Building the Data Warehouse

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There is then a real difference between operational reporting and DSS reporting. Operational reporting should always be done within the confines of the operational environment.

The Operational Window of Opportunity

In its broadest sense, archival represents anything older than right now. Thus, the loaf of bread that I bought 30 seconds ago is archival information. The only thing that is not archival is information that is current.

The foundation of DSS processing—the data warehouse—contains nothing but archival information, most of it at least 24 hours old. But archival data is found elsewhere throughout the architected environment. In particular, some limited amounts of archival data are also found in the operational environment.

In the data warehouse it is normal to have a vast amount of archival data—from 5 to 10 years of data is common. Because of the wide time horizon of archival data, the data warehouse contains a massive amount of data. The time horizon of archival data found in the operational environment—the “operational window” of data—is not nearly as long. It can be anywhere from 1 week to 2 years.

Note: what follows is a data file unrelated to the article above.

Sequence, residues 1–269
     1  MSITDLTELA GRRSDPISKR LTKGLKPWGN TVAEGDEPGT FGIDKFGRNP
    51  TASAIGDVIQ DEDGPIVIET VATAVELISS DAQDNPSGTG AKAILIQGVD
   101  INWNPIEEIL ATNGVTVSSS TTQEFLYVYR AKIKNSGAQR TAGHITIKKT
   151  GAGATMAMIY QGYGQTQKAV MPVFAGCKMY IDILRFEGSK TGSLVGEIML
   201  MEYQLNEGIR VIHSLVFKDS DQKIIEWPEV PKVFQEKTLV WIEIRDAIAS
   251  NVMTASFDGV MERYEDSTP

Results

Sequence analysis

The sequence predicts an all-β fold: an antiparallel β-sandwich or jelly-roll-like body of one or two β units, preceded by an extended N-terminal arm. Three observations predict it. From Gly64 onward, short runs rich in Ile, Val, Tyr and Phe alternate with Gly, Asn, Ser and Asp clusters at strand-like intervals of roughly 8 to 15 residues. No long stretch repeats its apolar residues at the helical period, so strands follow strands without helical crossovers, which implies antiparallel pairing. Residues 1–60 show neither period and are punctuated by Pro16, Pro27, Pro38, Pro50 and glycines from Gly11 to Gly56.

The time horizon of archival data in the operational environment is not the only difference between archival data in the data warehouse and in the operational environment. Unlike the data warehouse, the operational environment’s archival data is nonvoluminous and has a high probability of access.

In order to understand the role of fresh, nonvoluminous, high-probability-of-access archival data in the operational environment, consider the way a bank works. In a bank environment, the customer can reasonably expect to find information about this month’s transactions. Did this month’s rent check clear? When was a paycheck deposited? What was the low balance for the month? Did the bank take out money for the electricity bill last week?

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